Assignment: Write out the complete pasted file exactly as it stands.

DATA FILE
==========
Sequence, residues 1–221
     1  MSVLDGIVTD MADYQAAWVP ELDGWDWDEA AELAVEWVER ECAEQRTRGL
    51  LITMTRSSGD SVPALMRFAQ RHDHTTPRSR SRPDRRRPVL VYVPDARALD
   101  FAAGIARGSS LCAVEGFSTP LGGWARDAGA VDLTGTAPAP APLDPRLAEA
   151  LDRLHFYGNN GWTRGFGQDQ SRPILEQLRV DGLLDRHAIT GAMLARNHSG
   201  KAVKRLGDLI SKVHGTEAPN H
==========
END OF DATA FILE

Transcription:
Sequence, residues 1–221
     1  MSVLDGIVTD MADYQAAWVP ELDGWDWDEA AELAVEWVER ECAEQRTRGL
    51  LITMTRSSGD SVPALMRFAQ RHDHTTPRSR SRPDRRRPVL VYVPDARALD
   101  FAAGIARGSS LCAVEGFSTP LGGWARDAGA VDLTGTAPAP APLDPRLAEA
   151  LDRLHFYGNN GWTRGFGQDQ SRPILEQLRV DGLLDRHAIT GAMLARNHSG
   201  KAVKRLGDLI SKVHGTEAPN H